Mario Trujillo covers today's presidential libraries hearing on Capitol Hill. The National Archives' $72.6 million budget for its 13 libraries was indeed at issue, hence the game if dubious assertion in the prepared remarks of Reagan library director Duke Blackwood that scholars working at libraries reach millions of taxpayers through their books, articles, and blog posts and even more than that (tens of millions? gazillions?) once they go on TV. Whether or not that's true, critics of the library system have always argued that scholars could provide the same benefit to the American people if they did their research in a centralized repository of presidential records.
There's no denying that the libraries are remarkable institutions. Museum visitors and researchers can gain a deeper appreciation of a president by doing their work in his birthplace or home town. As I saw during 19 years as director of the Nixon library in Yorba Linda (shown here from the air), a community can take great pride in playing host to a favorite son's and someday daughter's library.
But such intangible benefits aside, in an age of federal austerity can we afford a burgeoning archipelago of presidential monuments? It probably depends on technology and how much leverage the National Archives is prepared to withstand from rich donors.
Because of Congress's post-Watergate reforms, presidential records have automatically become the property of the U.S., which has to store them someplace. Since it was launched by FDR, the library system has been a distinctive model of public-private partnership in which presidents' rich friends have provided them and the public with expensive, high-tech warehouses.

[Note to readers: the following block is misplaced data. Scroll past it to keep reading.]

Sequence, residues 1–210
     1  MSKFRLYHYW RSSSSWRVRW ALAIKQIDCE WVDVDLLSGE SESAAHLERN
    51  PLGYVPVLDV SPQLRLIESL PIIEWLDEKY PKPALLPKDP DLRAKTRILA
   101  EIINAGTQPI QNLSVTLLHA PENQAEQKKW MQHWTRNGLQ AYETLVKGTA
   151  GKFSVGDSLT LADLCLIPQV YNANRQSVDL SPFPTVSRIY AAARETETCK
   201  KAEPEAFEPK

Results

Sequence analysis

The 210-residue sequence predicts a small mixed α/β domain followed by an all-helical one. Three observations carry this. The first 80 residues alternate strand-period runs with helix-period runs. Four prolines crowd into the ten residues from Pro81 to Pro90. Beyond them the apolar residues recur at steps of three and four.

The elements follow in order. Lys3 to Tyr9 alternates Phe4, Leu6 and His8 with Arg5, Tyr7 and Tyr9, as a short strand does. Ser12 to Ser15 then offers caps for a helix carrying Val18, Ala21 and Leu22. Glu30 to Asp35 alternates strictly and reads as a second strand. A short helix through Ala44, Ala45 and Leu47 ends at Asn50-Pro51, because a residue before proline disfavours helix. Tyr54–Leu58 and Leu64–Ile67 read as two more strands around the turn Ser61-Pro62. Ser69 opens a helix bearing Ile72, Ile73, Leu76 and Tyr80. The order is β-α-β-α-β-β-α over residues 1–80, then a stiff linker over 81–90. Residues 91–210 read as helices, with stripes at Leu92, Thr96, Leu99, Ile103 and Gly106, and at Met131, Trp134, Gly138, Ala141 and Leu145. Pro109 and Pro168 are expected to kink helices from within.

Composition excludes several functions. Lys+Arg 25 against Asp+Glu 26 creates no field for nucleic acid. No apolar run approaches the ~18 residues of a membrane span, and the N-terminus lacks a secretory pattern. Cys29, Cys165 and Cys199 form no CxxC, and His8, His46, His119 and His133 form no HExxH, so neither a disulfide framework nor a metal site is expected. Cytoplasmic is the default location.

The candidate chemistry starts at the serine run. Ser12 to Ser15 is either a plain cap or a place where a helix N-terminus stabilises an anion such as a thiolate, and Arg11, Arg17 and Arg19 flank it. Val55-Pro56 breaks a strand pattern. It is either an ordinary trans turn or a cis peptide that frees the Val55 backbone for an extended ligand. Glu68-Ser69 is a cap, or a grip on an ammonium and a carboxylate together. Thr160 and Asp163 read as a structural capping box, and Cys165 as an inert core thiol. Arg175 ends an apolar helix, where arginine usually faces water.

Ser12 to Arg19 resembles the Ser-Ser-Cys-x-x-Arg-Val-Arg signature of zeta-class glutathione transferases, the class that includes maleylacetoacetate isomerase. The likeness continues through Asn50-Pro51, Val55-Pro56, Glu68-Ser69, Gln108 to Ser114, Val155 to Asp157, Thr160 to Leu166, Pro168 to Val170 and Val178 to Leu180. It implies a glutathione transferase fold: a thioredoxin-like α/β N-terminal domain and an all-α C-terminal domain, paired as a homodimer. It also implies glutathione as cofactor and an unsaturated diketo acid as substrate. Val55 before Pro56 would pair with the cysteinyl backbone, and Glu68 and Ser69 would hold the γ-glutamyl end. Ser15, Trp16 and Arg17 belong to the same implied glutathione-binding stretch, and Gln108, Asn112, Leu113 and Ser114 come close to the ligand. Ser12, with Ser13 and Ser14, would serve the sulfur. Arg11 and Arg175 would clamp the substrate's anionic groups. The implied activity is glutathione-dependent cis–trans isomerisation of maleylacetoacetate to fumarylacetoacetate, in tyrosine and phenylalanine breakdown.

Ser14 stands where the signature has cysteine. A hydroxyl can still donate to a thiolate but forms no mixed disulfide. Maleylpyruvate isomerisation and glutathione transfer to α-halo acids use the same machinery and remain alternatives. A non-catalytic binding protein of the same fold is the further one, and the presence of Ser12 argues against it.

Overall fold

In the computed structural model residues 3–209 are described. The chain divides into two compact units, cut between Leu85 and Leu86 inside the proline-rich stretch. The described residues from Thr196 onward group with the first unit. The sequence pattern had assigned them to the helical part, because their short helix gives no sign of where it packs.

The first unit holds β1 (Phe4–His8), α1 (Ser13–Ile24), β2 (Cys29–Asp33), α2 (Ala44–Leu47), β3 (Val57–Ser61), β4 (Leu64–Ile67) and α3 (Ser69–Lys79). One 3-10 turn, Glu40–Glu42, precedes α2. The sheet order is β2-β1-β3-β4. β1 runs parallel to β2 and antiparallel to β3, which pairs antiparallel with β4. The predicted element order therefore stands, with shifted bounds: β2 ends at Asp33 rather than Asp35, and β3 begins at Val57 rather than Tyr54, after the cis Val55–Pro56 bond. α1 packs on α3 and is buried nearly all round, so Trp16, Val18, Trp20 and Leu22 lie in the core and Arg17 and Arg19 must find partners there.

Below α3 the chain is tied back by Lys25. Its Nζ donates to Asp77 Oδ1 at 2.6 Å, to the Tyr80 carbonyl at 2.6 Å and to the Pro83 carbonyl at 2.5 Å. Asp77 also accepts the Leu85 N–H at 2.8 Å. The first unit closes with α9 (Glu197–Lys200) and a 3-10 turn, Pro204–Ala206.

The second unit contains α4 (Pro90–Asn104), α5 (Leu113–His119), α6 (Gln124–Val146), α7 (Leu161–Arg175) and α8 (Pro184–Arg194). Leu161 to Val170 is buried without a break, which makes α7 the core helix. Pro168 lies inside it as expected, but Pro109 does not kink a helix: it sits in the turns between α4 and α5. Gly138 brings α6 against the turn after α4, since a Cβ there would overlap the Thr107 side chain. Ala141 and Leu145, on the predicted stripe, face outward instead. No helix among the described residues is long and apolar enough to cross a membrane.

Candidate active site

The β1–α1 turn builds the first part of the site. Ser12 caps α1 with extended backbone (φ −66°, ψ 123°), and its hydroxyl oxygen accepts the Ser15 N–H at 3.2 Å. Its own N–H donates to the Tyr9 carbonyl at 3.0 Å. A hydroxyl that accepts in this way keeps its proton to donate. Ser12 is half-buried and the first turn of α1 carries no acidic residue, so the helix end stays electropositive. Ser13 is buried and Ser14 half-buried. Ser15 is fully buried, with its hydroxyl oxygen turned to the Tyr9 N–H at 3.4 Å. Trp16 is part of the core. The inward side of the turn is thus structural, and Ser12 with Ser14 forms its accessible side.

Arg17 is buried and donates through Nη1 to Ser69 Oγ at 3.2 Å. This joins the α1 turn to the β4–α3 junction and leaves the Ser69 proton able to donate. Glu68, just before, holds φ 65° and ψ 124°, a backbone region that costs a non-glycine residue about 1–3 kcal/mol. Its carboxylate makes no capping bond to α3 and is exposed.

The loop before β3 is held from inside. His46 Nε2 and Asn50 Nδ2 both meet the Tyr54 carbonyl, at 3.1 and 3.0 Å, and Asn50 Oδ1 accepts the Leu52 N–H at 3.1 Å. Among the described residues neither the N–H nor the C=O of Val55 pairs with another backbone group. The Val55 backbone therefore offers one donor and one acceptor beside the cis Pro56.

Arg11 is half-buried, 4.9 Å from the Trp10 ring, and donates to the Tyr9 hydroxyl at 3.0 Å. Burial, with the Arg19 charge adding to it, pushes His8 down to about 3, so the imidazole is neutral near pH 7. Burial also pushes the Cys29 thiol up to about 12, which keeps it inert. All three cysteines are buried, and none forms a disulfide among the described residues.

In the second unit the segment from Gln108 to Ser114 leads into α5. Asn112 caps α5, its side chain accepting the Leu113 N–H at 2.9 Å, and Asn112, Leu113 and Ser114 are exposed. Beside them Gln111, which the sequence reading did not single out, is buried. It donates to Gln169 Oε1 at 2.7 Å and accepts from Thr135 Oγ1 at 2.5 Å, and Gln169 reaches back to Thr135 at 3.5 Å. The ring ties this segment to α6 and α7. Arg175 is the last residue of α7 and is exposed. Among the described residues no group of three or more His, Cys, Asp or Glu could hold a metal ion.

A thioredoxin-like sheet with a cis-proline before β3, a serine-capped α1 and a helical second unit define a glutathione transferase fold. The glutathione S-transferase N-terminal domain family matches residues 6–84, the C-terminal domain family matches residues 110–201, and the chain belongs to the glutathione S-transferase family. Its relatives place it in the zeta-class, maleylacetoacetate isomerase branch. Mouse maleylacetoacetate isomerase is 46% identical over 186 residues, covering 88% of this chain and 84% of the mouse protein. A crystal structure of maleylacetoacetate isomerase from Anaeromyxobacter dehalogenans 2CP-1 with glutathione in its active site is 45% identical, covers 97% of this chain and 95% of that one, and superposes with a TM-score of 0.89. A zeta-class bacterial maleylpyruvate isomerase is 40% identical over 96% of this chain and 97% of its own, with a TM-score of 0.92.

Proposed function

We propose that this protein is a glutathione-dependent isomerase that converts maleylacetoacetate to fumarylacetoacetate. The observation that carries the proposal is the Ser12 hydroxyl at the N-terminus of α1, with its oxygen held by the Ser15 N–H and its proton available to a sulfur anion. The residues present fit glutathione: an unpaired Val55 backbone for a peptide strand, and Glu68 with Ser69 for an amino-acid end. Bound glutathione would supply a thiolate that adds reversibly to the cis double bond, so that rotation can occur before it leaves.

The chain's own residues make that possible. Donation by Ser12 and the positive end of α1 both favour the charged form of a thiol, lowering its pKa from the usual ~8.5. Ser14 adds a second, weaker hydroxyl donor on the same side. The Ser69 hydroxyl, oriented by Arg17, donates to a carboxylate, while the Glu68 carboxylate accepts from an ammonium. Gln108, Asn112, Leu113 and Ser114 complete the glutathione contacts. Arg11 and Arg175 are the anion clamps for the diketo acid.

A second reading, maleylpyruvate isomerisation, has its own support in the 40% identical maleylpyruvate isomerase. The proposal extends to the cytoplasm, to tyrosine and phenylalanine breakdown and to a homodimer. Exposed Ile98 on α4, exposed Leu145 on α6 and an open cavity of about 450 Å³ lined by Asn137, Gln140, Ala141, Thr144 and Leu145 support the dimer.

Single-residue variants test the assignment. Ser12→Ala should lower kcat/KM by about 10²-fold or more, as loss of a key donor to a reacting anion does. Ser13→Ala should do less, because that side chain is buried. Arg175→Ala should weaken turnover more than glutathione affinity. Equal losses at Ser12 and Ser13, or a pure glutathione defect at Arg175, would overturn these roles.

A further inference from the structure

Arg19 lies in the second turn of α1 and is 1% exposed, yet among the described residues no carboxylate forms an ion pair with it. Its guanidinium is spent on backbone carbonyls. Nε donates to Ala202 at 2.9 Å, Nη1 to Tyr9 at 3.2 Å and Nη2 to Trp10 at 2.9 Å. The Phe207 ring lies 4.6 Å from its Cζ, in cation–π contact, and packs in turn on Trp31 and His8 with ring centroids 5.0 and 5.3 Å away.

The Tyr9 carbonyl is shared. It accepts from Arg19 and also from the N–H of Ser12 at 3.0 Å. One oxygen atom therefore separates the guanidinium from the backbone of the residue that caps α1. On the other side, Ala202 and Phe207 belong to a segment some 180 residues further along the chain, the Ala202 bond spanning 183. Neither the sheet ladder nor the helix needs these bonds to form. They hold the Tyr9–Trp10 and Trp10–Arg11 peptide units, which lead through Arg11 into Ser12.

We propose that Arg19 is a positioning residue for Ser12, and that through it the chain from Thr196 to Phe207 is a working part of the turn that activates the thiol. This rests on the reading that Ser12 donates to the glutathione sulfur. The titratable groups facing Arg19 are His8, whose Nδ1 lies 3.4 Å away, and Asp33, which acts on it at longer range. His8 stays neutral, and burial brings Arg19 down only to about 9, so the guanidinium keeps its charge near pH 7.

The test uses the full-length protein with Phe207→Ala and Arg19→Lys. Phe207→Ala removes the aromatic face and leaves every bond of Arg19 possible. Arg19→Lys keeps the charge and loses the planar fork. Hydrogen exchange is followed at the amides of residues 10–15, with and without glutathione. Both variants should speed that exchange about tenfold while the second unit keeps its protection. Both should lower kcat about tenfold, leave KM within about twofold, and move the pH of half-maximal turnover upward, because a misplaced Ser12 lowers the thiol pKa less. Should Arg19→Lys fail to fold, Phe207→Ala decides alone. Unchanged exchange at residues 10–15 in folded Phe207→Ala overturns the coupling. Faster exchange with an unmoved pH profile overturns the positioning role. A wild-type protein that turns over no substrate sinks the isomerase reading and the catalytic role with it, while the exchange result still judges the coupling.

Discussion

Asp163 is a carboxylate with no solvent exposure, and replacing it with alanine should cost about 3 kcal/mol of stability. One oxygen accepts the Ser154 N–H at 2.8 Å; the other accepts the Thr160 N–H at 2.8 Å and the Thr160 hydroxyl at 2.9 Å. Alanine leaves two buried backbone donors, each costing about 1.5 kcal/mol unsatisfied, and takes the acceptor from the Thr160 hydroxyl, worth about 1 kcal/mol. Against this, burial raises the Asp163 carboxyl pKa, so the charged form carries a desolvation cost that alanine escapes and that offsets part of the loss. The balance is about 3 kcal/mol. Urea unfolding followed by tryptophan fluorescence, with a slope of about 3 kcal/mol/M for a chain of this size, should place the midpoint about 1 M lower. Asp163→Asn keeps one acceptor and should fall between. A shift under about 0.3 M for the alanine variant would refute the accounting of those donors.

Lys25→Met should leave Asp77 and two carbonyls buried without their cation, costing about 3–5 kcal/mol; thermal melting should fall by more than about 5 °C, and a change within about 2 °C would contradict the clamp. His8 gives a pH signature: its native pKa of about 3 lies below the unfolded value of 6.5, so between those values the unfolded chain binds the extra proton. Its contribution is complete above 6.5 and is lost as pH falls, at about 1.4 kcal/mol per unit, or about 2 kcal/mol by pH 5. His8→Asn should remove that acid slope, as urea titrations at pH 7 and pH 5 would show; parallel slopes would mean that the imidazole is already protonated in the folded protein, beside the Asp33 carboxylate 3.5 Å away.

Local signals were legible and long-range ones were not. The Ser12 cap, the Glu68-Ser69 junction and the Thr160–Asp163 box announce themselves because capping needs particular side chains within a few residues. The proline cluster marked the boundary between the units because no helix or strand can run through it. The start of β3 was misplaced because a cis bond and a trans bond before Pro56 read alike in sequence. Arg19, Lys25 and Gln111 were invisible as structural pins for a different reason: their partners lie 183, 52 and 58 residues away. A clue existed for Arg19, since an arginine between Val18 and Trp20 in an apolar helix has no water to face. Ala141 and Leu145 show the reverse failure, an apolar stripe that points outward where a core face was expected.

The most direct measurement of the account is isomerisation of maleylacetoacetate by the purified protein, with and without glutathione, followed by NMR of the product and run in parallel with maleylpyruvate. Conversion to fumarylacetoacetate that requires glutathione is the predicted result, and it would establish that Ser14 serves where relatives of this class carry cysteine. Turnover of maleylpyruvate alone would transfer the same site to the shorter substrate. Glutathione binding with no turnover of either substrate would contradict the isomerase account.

It'll be interesting to see whether President Obama chooses Honolulu or Chicago for his library. You can bet that both cities are vying for the privilege. Either way, it might end up being smaller than his predecessors'. If his office is anything like yours and mine, he's using a lot less paper than he would have ten years ago, resulting in fewer acid-free Hollinger boxes stuffed with memos and letters.
Let's look at the raw numbers. The Nixon library says it has 46 million pages of records from a five and a half-year presidency in which IBM Selectric typewriters were state of the art. The Reagan library has 50 million pages covering its still-pre-high tech eight years. One-term President Bush has 40 million pages. But then eight-year President Clinton, at 77 million pages, couldn't quite double 41's total. The George W. Bush library, now under construction in Texas, says it has "millions." Maybe they're still counting them.
Experts on electronic records can say for sure, but I'd think that the volume of paper will decline as more and more governmental business is transacted digitally. It's true that the libraries also house gifts, photographs, and myriad other items. For some things, the White House will always use paper. If we declare war or adopt a $2 trillion budget, I want to see more than a text message or an exchange of e-mails. But now that the textual output of an administration can be housed on a few MacBooks, Congress has to be wondering whether we really need a new $250 million warehouse (the projected cost of Bush 43's library) every four to eight years, especially when taxpayers foot the bill for running them.